Monday, 1 August 2016

The Cross v the Law

Someone said, "It was Judaism at its best that put Jesus on the cross".

It was zeal for the Law that made Pharisees hate Christians and their alleged Messiah.

Saul wanted to exterminate the memory of His name - yet he self-described as having been blameless in the Law, as exceedingly zealous for the Law above his peers.

This, despite the fact that many Jewish believers in Jesus at Jerusalem were zealous for the Law.

So why was the message of the cross so offensive?

Because it implied that the Law itself was not at all adequate to make someone right with God.

Something - or Someone - other than the Law, was needed.

The cross of Christ meant the end of the Law, as the means of obtaining righteousness.

It implied the Law had a different, temporary purpose.

The claim that Jesus was Messiah, challenged their concept of Messiah and what Messiah must do.

It challenged their concept of the way the Kingdom of God should appear.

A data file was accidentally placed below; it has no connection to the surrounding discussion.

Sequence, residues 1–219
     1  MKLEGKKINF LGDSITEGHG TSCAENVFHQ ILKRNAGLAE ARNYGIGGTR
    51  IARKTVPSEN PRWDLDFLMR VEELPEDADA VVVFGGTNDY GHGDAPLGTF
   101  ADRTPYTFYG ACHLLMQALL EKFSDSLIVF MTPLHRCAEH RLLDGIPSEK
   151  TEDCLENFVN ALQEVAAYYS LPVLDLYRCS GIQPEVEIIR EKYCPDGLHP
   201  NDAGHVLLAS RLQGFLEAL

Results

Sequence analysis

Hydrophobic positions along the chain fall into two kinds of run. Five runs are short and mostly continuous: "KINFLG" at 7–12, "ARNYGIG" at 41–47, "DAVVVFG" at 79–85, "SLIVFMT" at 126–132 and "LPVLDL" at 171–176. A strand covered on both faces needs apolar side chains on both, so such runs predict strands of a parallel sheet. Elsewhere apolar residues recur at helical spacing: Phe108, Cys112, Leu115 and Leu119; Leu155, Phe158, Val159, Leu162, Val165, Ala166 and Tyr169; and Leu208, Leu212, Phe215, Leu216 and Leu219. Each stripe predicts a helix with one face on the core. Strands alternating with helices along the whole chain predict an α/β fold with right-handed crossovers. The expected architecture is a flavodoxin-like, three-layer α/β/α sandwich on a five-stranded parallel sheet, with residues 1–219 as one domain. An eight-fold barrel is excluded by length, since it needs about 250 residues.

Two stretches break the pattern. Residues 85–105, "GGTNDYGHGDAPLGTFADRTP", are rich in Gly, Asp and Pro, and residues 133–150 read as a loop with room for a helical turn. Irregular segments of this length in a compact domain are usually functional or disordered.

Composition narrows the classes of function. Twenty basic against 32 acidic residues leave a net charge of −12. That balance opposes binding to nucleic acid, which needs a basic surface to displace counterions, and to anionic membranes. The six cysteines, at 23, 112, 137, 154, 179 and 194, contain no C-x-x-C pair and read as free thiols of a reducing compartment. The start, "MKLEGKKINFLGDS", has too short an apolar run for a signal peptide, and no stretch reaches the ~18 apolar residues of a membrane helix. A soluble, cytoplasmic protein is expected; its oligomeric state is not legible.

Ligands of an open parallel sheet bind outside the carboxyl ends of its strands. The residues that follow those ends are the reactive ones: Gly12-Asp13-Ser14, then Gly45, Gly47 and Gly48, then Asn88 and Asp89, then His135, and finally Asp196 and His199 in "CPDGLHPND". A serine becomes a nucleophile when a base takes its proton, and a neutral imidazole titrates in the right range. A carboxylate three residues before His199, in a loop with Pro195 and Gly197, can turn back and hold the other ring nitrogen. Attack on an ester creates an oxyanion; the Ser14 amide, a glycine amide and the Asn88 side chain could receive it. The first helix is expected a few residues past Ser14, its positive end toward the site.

Since it implied the Law was no longer paramount, it implied Gentiles could be saved also - without needing to become Observant of the Law.

This was so offensive to the die-hard defenders of the Law; and yet, ironically, a correct understanding of the Law and Prophets ought to have led them to the faith of Christ.

This exposes an error in extreme versions of modern Hebrew Roots teaching - because if the message of early Christianity was really just the Torah, then the early Church would not have been so persecuted by the Jews.

Paul was clear to those who wondered: he did not preach the Torah, otherwise he would not have suffered the persecutions he was suffering.

11 And I, brethren, if I yet preach circumcision, why do I yet suffer persecution? then is the offence of the cross ceased.

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